This Tom's treasure is now available online
NEARLY 1,200 pieces of Tom Moffatt's event promotion history is now for sale online by the same company that purchased the famed Bill Graham collection. Never mind remembering the 1960s, but if you were not around back then, Graham was a legendary concert promoter tied to the biggest acts who played in the biggest halls of the day -- notably, Graham's Fillmore East and Fillmore West in New York and San Francisco.
Moffatt has been a concert promoter in Hawaii since his days as a radio personality in the 1950s and has compiled masses of stuff.
A collector who previously bought memorabilia from Moffatt introduced him to Bill Sagan, purchaser of the Graham collection, and the two hit it off, said Barbara Saito, general manager of A Tom Moffatt Production Inc.
Moffatt, initially reluctant, sold off a chunk of his long-stored inventory to Sagan for sale on e-commerce site Wolfgang's Vault.
He warmed to the idea because he got the sense that Wolfgang's people "would respect the stuff and appreciate it for what it was, not just for rock and roll, but for our state," Saito said.
If you never have been in Moffatt's office -- awed and slack-jawed because of the indescribable collection of memorabilia lining every conceivable space -- the Web site will be a joyous treat. It is a virtual walk down memory lane and music genre boulevard. You'll find brain cells you thought you'd killed.
Posters, tickets, handbills and backstage passes for generations of musical favorites fill the site.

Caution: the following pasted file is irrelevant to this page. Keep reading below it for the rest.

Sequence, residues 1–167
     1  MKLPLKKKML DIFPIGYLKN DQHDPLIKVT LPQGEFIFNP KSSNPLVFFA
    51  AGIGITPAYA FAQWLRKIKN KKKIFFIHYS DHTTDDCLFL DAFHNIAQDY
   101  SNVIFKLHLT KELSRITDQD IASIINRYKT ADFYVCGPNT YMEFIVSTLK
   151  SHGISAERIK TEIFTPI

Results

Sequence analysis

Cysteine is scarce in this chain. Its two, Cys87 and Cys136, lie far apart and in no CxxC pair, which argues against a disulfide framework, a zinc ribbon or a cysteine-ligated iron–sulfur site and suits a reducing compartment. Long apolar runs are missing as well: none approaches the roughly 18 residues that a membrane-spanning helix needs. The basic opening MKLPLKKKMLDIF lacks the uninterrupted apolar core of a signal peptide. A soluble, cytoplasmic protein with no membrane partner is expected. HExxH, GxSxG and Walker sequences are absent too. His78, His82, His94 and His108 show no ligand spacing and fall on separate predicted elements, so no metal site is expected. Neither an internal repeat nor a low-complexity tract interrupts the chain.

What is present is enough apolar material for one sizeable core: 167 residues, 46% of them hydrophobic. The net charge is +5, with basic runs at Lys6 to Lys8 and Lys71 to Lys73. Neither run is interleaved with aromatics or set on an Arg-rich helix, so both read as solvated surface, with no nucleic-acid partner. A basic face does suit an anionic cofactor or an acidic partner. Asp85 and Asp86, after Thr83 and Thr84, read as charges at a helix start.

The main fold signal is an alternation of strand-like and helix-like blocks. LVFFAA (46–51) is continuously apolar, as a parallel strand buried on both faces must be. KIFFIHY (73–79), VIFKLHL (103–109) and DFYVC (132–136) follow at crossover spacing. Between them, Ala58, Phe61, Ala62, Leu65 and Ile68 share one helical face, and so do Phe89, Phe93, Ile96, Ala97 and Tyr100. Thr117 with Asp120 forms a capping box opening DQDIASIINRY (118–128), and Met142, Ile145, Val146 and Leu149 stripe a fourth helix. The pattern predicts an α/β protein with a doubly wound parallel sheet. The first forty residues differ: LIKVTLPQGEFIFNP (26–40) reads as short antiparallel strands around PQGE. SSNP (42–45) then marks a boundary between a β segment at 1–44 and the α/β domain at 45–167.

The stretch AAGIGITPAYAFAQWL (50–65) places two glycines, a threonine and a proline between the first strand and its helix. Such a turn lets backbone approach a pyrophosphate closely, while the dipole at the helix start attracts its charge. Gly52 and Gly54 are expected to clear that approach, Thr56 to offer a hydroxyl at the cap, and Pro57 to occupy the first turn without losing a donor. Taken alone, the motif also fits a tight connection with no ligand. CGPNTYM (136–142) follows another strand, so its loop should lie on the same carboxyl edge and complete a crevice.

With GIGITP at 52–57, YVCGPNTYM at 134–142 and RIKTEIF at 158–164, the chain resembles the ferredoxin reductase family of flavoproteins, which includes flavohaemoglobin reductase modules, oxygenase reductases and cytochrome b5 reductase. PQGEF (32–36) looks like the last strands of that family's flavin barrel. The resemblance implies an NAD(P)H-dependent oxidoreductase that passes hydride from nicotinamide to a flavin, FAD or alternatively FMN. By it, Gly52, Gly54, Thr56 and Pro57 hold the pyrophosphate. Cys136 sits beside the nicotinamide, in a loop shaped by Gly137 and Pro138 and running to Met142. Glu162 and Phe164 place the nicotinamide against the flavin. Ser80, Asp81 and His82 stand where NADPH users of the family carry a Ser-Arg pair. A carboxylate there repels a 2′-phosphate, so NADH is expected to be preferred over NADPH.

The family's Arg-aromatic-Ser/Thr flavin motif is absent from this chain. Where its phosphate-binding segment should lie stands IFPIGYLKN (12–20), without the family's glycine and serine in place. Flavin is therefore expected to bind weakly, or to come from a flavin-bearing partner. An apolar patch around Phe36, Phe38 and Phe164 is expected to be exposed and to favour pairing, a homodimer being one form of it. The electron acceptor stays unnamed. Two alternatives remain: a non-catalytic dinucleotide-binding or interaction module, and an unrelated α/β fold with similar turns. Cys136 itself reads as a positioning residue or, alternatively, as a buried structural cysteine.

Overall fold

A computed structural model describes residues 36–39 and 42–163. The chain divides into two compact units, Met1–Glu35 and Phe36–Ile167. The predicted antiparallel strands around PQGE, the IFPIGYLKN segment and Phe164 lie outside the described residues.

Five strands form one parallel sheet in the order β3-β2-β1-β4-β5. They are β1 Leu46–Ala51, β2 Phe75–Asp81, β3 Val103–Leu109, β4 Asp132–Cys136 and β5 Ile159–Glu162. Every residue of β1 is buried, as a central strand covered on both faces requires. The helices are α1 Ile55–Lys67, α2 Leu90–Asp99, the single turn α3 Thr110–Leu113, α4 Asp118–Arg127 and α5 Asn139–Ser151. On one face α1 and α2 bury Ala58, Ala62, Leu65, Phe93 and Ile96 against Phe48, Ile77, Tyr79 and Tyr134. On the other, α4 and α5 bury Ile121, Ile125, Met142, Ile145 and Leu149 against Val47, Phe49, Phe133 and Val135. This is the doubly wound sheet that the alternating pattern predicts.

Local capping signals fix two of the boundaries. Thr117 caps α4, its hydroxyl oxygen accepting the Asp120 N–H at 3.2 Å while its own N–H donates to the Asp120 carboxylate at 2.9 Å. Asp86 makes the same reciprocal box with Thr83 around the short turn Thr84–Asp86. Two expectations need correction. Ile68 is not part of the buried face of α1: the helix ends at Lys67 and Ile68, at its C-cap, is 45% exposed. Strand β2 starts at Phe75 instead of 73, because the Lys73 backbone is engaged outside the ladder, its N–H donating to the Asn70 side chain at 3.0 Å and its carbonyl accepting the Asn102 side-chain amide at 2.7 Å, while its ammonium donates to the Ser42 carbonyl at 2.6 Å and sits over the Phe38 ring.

Many of the posters seek bids, such as a "Show of Stars" concert featuring the Five Satins on Nov. 15, 1957. An autographed KPOI radio-Hayley Mills poster is priced at $1,455.
You'll need time to peruse the vast array of acts, from The Fab Four (you know, The Beatles) to Elvis; from Erroll Garner to Frank Sinatra; from Led Zeppelin to James Taylor when he had long hair; to the May 30, 1969 appearance of Jimi Hendrix Experience at the Waikiki Shell. The Hendrix handbill goes for $925.
Omigosh, is that Menudo? Yup. A 1985 concert ticket for the Puerto Rican teen-pop boy-band goes for $10. Stuff that pictures those cute faces costs more.
A poster for the 1972 El Chicano-Buddy Miles double bill at the Hilo Civic Auditorium is $525, but it's only $65 for a handbill of the 1973 Doobie Brothers and Tower of Power show at the old H.I.C. Arena.
A poster for a New Year's Eve party to welcome 1973 at Hilton Hawaiian Village promised a midnight buffet and two dance bands headlined by Carol Kai, before she had the "e" at the end of her name. The poster is $265.
Clicking through the site may clear cobwebs from the murky-brain recesses in which the acts you've long since forgotten now reside. Remember Mandrill? Savoy Brown? The Kasuals?
It's not all music -- you'll find ballet icon Rudolf Nureyev and magician Franz Harary there.
Moffatt also used to bring in closed-circuit telecasts of big-time fights, before everybody had cable.
A poster for the George Foreman-Ken Norton heavyweight championship fight on March 26, 1974, is selling for $135.
For all these years, some of the stuff was at Moffatt's office, "but most of it was at my house ... it has a couple attics, so I just took a lot of it home and left it there," Moffatt said.
He always knew there was value in it, not just for him monetarily, but for sentimental or enthusiastic collectors.
is a reporter with the Star-Bulletin. Call 529-4747, fax 529-4750 or write to Erika Engle, Honolulu Star-Bulletin, 500 Ala Moana Blvd., No. 7-210, Honolulu, HI 96813. She can also be reached at: firstname.lastname@example.org